|Publication number||US6021803 A|
|Application number||US 09/315,173|
|Publication date||Feb 8, 2000|
|Filing date||May 20, 1999|
|Priority date||May 11, 1998|
|Publication number||09315173, 315173, US 6021803 A, US 6021803A, US-A-6021803, US6021803 A, US6021803A|
|Original Assignee||Nutsos; Mikael|
|Export Citation||BiBTeX, EndNote, RefMan|
|Patent Citations (14), Referenced by (14), Classifications (12), Legal Events (3)|
|External Links: USPTO, USPTO Assignment, Espacenet|
This application claims benefit to provisional application 60/086314 filed May 21, 1998.
The present invention refers to a tapping point that includes a mixer for cold and hot water where the mixer has a hot water inlet arranged to connect to a feed pipe for hot water, a cold water inlet arranged to connect to a feed pipe for cold water, a mixing chamger for mixing hot water introduced through the hot water inlet with cold water introduced through the cold water inlet, a space for hot water between the hot water inlet and the mixing chamber, a space for cold water between the cold water inlet and the mixing chamber, a mixer outlet for mixed water from the mixing chamber, and an initial valve device arranged so that in the open mixing position, it allows water cold and hot water to enter into the mixing chamber from their respective spaces and allows the exit of mixed water from the mixer outlet, and, in the closed mixing position, prevents the exit of mixed water from the mixer outlet.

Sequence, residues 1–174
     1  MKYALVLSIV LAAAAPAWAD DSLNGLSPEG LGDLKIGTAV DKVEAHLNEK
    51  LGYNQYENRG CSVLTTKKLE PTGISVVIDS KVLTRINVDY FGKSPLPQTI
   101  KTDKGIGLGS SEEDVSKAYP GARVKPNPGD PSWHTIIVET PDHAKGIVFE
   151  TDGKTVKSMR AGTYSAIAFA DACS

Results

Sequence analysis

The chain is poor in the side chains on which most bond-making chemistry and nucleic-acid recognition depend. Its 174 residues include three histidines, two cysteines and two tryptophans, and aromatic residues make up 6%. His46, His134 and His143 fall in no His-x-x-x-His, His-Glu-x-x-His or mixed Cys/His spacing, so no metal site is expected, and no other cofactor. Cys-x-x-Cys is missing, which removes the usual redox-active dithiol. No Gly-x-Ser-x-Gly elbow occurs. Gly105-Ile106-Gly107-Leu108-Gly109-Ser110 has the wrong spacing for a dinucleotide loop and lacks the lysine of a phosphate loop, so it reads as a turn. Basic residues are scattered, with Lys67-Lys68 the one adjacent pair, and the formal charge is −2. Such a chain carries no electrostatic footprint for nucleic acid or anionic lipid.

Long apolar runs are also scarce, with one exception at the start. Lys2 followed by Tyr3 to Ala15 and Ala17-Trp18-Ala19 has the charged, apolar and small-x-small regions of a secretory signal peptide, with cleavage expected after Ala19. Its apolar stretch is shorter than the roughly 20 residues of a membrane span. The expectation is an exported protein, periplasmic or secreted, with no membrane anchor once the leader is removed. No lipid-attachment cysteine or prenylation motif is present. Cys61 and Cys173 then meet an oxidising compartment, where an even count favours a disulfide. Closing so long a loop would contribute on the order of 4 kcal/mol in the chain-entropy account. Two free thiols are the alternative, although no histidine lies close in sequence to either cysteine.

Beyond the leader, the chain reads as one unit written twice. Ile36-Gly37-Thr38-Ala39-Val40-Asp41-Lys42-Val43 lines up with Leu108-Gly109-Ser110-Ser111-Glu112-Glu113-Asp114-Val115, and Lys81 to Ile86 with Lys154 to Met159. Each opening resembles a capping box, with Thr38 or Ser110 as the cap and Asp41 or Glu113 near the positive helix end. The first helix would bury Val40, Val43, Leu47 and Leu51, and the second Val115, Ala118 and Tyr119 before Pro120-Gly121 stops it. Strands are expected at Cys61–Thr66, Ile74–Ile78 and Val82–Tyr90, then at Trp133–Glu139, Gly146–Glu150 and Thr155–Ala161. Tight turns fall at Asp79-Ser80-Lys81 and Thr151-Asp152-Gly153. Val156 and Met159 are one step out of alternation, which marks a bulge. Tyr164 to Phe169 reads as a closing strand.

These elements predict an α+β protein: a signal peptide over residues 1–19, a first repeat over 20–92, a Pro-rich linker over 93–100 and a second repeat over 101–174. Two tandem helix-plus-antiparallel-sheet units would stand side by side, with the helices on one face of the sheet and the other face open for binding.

One problem of known tapping points is that especially the hot water space and the mixing chamber constitute an environment for the growth of water-borne bacteria, especially the feared legionella bacteria that can, in an ameoba cell, increase in numbers up to 10,000-fold within 48 hours if the water temperature is about 35° C. The legionella bacterium does not circulate in water as a free-living organism, but is part if a very complex micro-environment that is found, for example, on the inside of water tanks, water pipes and mixers. The biofilm, which there consists of micro-organisms, develops a thin layer of slime to protect itself from external influences such as biocides used specifically for the purposes of combating the growth of the micro-organisms. This is a relatively new problem that is supposedly related to the more widespread use of modern thermostatic mixers; older types of mixers do not, in principle, have any spaces that retain hot water that has cooled-down and that is thus able to promote the growth of bacteria. Bacterial growth is considered to cease at temperatures of about 50° C.